The Frank Lloyd Wright-designed Gammage Auditorium has changed a lot in 50 years, but quality performing arts programs are a mainstay.
It’s been called the “wedding cake” – the imposing, eight-stories-high circular structure that dominates the west end of Arizona State University’s Tempe campus. Driving past, one is struck by the grandness of the 50 concrete columns supporting the perfectly round roof, and the uniqueness of two pedestrian ramps extending for 200 feet on either side. Inside, the long arcs of seats, two balconies, and a cathedral-high ceiling produce a sense of comfortable expectation.
Back in 1979, Ric and Judy Brecheisen traveled to Europe and drove around in a Volkswagen bus with their children, stopping at coffeehouses across the continent to try new brews. That flavorful family vacation led to a family-run business when the joe-inspired Brecheisens returned to the Valley and founded Passport Coffee & Tea in Scottsdale in 1983.
Before he became Arizona’s first congressman, Carl Hayden was a fierce and understated lawman.
On February 14, 1912 – the day President William Howard Taft signed the bill making Arizona the nation’s 48th state – Maricopa County Sheriff Carl Hayden handed over his jail keys to Deputy Jeff Adams. It would prove Hayden’s last official act as the Valley’s top lawman.
As Tempe celebrates its musical legacy, friends remember the troubled life of late Gin Blossoms guitarist Doug Hopkins.
Local musician Lawrence Zubia tells a story about Doug Hopkins, in which Hopkins hops a slow-moving freight train at Mill Avenue, intending to jump off when it neared his Tempe apartment. But the train picked up speed and Hopkins ended up in Tucson, where he spent the night drinking at a bar in Hotel Congress before taking a bus back to Phoenix.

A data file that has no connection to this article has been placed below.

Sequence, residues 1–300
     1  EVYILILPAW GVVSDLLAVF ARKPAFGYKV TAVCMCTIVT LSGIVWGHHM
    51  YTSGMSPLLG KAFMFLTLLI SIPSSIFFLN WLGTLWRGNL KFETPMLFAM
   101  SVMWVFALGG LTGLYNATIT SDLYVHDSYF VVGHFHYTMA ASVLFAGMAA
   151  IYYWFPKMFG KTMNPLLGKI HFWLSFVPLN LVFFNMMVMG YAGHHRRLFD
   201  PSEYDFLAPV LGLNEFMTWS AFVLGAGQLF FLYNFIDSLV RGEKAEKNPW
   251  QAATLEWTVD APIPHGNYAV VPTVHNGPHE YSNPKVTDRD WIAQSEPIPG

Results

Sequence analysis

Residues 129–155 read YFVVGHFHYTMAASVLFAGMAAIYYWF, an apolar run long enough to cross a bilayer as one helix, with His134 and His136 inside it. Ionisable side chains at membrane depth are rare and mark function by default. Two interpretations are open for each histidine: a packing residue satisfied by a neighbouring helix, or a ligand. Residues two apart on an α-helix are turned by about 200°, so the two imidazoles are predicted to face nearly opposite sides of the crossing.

“A saguaro boards a train bound for Chicago...”
It sounds like the opening line of a joke, but it really happened in 1893, when some of Arizona’s native desert plants were shipped to the Windy City. Why? Landscaping for a building touting the territorial bounties of Arizona, New Mexico and Oklahoma at the 1893 Chicago World’s Fair.
For a brief blitz in the late ‘60s, Arizona produced a slew of influential underground publications.
The table of contents for the July 1968 issue of Phoenix-based bimonthly counterculture digest Orpheus teases such stories as: “Yiggers, Blonkies & Crackers,” “Confessions of a Pornographer,” “Declaration of Cultural Evolution” and “San Francisco’s Hipster Cinema.”
Thirty years before Woodstock made his maiden landing on Snoopy’s belly, a cat named Krazy was dodging bricks in a pioneering newspaper comic strip. ...
The Lincoln Legacy
North Phoenix owes two of its hospitals, a street name, a resort, and much of its community spirit to one visionary man. ...
As Tempe celebrates its musical legacy, friends remember the troubled life of late Gin Blossoms guitarist Doug Hopkins. Local musician Lawrence Zubia tells a story about Doug Hopkins, in which Hopkins hops a slow-moving freight train at Mill Avenue,...
Fifty-two years ago, Valley TV personality Sherri Finkbine terminated a tragic pregnancy –and unwittingly gave birth to a controversial legacy that lives on today. It was the biggest medical story in Arizona history. And more than a half centu...
Over the Hump
Fifty years ago this month, conservationists including Barry Goldwater came together to save Camelback Mountain from development. The tram would rise from the base of Camelback Mountain to an “oasis” at the summit, the black-and-white sk...